Another wrinkle in the argument is the fact that most health insurers have "subrogation rights." Subrogation rights are the insurer's contract or statutory right to force you, their policy holder, to repay them if you recover money from the person who caused your injuries.  If a jury hears you have been paid $80,000 by your health insurer, they then might only award you $20,000 because they believe the rest of your medical bills have been paid.  Unfortunately, your insurance company would still take the $20,000 from you as "subrogation" to help pay them back for the $80,000 in medical bills that they paid for.  This leaves you with nothing, other than an attorney to pay and the frustrations of having gone through a lawsuit.  You paid $20,000 of your medical bills yourself, but your insurance company grabs it all using their subrogation rights.  The collateral source rule is supposed to keep this from happening.  Under the collateral source rule, the jury makes its damage calculation without knowing of the insurance payment, or any health insurer's subrogation rights.  You, theoretically, get compensated for all of your medical bills and you are left to work out any subrogation repayment with your insurance company.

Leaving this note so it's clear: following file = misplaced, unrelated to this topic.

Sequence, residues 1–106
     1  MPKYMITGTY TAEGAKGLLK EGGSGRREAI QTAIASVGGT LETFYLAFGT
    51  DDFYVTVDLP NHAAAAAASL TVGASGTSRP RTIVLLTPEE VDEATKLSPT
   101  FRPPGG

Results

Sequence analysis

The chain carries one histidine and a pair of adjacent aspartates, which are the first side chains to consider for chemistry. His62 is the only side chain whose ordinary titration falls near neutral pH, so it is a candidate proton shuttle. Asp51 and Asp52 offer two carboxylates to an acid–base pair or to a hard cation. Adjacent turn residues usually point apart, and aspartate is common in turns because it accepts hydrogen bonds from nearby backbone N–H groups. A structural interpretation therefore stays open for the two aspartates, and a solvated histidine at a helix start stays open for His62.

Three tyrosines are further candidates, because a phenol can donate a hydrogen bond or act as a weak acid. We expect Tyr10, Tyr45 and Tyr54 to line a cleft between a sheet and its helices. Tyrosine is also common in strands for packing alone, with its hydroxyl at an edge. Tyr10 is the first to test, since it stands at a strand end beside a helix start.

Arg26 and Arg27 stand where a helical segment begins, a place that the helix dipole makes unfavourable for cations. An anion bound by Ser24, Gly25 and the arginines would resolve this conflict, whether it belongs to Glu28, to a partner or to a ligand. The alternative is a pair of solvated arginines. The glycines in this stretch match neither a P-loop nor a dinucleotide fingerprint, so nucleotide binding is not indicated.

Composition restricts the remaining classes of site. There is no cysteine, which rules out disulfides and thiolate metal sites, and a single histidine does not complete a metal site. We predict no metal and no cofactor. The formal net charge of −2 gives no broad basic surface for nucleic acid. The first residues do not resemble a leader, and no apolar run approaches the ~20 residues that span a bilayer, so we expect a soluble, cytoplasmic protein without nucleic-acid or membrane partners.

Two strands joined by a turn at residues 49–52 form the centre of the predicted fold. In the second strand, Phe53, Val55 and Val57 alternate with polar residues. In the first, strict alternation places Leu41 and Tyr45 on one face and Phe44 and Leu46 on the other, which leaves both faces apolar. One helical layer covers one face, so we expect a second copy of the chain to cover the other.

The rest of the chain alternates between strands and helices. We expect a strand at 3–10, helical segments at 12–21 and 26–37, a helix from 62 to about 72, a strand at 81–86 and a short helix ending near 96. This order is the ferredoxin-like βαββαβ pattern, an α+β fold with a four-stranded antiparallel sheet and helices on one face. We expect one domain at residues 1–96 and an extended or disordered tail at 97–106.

The example is about an auto accident.  However, the collateral source rule applies in many other personal injury cases such as medical malpractice, products liability and injuries from assaults.  It can also apply in cases that do not involve personal injury.  For example, if someone’s negligence causes your house to burn down, the collateral source rule says that you can sue the negligent party for the full amount of damages, despite the fact that some of those damages may have been paid for by your fire insurance company.


            The traditional collateral source rule was originally developed when the only monetary protection that injured parties had, if any, was health or accident insurance.  However, the law has had to adjust to many new "collateral sources" over the years.  Injured parties may now be compensated by workers’ compensation, various government benefits (Medicare, Medicaid), disability insurance, life insurance, uninsured motorist insurance and auto medical payments (or “PIP”) insurance.  Rulings have varied on whether these new sources are covered by the rule and in some cases legislation has determined the result.